They give Kellin a chance to show her love of gemstones. For fall, it's interpreted with Burmese rubies, yellow sapphires and sparkling 14-karat gold, among other materials.
The semiprecious and precious pieces are a little bigger and chunkier than the items in her fashion line, noted Kellin, holding a multicolored choker as an example.
She said slightly larger silhouettes and jewelry layers, such as a choker with a long necklace, will be key trends to follow the dainty looks.
"I believe women want to look refined," said Kellin. "They want an overall finesse and polish."
Her design philosophy was shaped by a deep interest in the Edwardian and Victorian eras and the Twenties, citing the elegance and sophistication of those periods.
A former fashion editor for Women's Wear Daily and W magazine, Kellin said her design career began with a bit of serendipity. While in New York working on a lengthy fashion shoot, Kellin visited a bead store and was inspired to try her hand at jewelry making.
A small ankle bracelet she designed caught the eyes of friends in the fashion business, and she started selling to a few stores.
Volume in 1994, her first year in full-time business, hit $1 million. Last year, volume swelled to $2 million. This year, sales are projected to hit $3.5 million to $4 million.
Neiman Marcus, Henri Bendel and Ylang-Ylang are among her top retail accounts.
Kellin wholesales in New York, Los Angeles and at the International Apparel Mart here at Cynthia O'Connor's multiline showroom in room 4G15.
Fall wholesale prices are $15 for simple drop crystal earrings in the fashion line to $1,020 for a yellow sapphire collar in the precious line.MAD FOR LADS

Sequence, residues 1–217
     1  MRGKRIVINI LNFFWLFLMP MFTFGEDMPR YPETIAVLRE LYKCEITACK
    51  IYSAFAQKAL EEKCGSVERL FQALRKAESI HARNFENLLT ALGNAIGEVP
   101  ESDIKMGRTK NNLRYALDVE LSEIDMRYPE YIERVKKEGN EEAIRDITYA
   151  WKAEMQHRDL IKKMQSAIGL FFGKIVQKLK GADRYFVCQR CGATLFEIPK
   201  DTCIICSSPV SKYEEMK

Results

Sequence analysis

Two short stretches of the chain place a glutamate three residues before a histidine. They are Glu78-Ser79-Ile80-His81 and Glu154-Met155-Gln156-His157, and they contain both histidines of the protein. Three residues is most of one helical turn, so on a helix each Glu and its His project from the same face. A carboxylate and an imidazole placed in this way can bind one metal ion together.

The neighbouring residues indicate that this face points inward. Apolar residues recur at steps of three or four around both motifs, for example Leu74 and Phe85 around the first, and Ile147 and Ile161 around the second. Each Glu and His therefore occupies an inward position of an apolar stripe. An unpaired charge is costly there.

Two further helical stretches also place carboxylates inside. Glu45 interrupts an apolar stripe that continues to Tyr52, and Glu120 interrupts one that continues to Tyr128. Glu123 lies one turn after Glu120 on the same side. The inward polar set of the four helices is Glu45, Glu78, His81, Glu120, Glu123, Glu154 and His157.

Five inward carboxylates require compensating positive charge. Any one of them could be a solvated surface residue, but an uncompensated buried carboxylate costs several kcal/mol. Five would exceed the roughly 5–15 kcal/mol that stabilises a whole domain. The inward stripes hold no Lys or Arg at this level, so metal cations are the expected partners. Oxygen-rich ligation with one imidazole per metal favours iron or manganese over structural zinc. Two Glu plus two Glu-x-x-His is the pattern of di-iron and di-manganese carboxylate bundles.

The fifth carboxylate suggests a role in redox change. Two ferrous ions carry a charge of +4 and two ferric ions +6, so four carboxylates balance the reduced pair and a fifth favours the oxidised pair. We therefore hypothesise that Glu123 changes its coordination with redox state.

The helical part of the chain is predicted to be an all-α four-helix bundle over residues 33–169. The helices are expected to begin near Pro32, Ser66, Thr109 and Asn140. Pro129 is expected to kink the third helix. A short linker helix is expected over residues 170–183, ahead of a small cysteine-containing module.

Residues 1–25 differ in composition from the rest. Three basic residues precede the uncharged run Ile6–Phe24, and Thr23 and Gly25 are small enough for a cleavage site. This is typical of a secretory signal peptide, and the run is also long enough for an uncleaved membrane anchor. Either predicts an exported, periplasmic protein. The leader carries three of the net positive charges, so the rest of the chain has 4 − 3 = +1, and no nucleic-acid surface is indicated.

Susan Schwertner's sterling accessories firm, LADS, is located in the middle of a 2,000-acre cotton field.
"We're 23 miles from nowhere; we have two traffic lights in the whole town," joked Schwertner. Her two-year-old firm sits on the isolated plains of west Texas, not far from Big Lake.
From such an out-of-the-way location, which is home to her family's cotton business, Schwertner seems to be heading in the right direction: The firm is projected to hit $200,000 in sales this year, double first-year business. Sales have doubled during the last few markets.
Schwertner shows in the Mart at Jane Studio Boutique in 4G36.
"Women's specialty stores have really taken to our looks, from California to the Northeast," said Schwertner. "The collections are diverse, including some Southwest styles and some whisper-soft looks, too."
She now has about 150 accounts, including Blair's Western Wear in San Angelo, Tex., and Pauline's Style Shop in Hobbs, N.M., which was Schwertner's first big account.
"I started the business purely by accident," explained Schwertner. "I was bored and made a few pieces of jewelry. It turned out rather well, and I showed it to some stores. They liked it, too."
Schwertner decided to name her fledgling business after her family, using an initial from each member to form the acronym LADS. For marketing purposes, she has found another use for the acronym, referring to her firm as Ladies Accessories Designed With Style.
For fall and holiday, which she'll show at the June market, Schwertner is staying true to her simple and clean approach, but will feature semiprecious stones such as amethysts and garnets.
Wholesale prices are $20 for simple handstrung sterling earrings to $175 for an intricate sterling cross inlaid with semiprecious stones.